A footpath runs approximately NE from the sheepfold, passing in front of the shepherd’s house, then on towards the other buildings and enclosures. It continues in this general direction for a further 1.7km until it reaches a large sheep park at Holm, where it terminates (NG55SW 16).

The shepherd’s house is built of coursed stone and mortar and has square corners inside and out. It is aligned approx N-S and measures 15m x 6m over walls c0.8m thick, standing to their full height of 1.8m at the front (W) and S gable end. The NE corner has collapsed - the back (E) wall falling out and the N gable wall falling in. There is a centrally-placed doorway on the front (W) wall, c0.85m wide, and four windows, two of which (E and NW walls) have spalyed openings and two of which (S & SW walls) do not. An inserted wall divides the building into two rooms, with internal dimensions of 8.4m x 4.1m at the S end and 4.2m x c4.1m at the N end. A chimney breast (2.3m x 0.6m) has been inserted in front of the S gable wall and has collapsed into the room.

A drainage ditch 1m wide has been dug out of the bank at the back (E) of the house and runs around its N and S ends. In front of the house there is a garden plot with a mature sycamore tree growing in its perimeter wall. Behind the house there is a small dry-stone building, possibly a store, measuring 4m x 3.3m, with rounded corners on it S wall, and square corners on its N wall. The doorway, 0.8m wide, is centrally placed in the W wall. The stonework of the N wall is very loosely built, suggesting that this may have been adapted from an earlier building. Behind are the footings of another structure, measuring c3.6m x 2.3m, which has no identifiable entrance. The S wall appears common to both structures.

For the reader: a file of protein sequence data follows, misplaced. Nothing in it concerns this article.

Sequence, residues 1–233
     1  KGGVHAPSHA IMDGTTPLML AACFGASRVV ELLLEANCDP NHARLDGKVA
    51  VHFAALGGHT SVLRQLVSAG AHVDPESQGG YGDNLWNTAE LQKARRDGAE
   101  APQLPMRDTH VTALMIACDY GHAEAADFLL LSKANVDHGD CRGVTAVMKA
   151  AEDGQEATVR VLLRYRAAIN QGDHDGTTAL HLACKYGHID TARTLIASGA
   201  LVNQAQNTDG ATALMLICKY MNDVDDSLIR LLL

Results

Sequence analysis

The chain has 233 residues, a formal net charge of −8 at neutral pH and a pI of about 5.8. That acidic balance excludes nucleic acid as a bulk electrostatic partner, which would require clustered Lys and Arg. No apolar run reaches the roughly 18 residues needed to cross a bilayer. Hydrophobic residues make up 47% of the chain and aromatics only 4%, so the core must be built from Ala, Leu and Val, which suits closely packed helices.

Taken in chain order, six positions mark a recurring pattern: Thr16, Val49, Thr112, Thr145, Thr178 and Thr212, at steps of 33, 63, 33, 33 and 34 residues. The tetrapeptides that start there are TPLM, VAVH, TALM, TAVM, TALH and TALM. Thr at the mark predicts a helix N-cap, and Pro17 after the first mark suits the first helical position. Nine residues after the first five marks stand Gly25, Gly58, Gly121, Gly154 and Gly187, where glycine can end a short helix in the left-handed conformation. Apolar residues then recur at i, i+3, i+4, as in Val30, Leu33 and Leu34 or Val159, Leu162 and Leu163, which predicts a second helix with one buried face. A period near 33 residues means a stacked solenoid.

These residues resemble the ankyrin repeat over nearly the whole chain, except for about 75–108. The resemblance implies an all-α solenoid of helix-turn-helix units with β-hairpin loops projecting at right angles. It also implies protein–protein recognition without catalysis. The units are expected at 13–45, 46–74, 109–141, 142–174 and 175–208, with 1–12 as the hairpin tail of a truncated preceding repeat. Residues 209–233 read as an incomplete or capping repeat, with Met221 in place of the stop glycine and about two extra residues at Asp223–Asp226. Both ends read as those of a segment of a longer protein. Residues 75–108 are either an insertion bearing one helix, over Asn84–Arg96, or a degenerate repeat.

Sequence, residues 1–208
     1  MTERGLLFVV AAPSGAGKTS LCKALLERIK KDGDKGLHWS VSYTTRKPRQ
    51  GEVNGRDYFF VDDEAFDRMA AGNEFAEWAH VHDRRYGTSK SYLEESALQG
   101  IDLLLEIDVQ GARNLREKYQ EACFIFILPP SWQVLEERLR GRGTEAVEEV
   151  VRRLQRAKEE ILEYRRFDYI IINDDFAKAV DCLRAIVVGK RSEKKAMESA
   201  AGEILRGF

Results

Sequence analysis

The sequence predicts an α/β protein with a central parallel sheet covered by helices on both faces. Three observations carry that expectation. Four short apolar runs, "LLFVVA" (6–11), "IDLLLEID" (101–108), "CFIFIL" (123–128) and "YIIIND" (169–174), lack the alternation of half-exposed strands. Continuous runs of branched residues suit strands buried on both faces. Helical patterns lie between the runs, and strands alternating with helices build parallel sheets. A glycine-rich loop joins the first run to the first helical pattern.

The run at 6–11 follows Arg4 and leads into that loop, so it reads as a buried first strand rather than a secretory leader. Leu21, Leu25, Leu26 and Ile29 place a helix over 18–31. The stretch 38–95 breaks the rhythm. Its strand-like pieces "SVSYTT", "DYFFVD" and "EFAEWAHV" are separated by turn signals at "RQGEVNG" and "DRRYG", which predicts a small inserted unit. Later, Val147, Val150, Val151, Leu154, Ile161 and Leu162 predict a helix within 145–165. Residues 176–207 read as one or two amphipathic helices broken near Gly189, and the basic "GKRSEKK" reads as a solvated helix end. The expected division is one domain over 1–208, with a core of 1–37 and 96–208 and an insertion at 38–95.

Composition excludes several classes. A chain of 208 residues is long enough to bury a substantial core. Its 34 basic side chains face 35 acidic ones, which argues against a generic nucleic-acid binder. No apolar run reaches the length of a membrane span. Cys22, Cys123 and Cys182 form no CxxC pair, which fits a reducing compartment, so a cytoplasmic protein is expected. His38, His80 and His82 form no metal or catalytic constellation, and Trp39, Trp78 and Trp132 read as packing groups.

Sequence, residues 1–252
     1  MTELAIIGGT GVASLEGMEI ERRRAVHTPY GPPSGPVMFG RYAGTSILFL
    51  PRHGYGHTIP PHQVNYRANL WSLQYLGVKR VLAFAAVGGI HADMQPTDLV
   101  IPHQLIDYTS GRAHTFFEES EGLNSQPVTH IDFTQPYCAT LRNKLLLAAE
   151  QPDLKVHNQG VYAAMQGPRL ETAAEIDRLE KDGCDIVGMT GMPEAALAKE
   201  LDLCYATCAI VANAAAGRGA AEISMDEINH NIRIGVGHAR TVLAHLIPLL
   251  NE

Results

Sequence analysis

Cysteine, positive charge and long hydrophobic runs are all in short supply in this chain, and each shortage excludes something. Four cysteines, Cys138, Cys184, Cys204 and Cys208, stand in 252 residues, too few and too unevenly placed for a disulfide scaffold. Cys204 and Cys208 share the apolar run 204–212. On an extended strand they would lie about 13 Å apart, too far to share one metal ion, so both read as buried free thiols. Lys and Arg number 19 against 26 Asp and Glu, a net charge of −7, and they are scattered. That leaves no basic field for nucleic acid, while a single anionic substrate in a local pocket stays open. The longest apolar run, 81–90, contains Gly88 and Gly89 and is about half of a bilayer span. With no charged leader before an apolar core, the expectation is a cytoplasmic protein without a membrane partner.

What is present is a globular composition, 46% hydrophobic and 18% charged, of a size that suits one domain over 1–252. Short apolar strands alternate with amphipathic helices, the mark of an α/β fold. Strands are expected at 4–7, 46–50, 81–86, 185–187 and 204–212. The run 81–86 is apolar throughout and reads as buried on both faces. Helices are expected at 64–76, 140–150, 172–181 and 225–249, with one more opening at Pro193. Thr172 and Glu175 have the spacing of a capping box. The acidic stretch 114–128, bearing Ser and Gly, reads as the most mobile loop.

Some 130m NE of the shepherd’s house on the NW side of the path, are two adjoining dry-stone buildings, aligned approximately N-S. The S-most appears to be of more recent date, with square corners inside and out, and measures 7.3m x 4.6m over walls 0.7m thick. The walls stand to their original height of 1.5m and there is an entrance, 1.2m wide, in the sheltered NE wall. The N-most building has round corners inside and out, and measures 13.3m x 5.9m over walls 0.8m thick, where measurable. The walls stand up to 1.4m high in the NE corner, but are reduced to low footings along the E and W walls, which appear to have been robbed-out. There is an entrance 1m wide, in the NE wall and a small enclosure or twinning pen has been built inside the NE corner. The centre of the building is filled with small stones which have been neatly arranged and may have been used as a stack yard.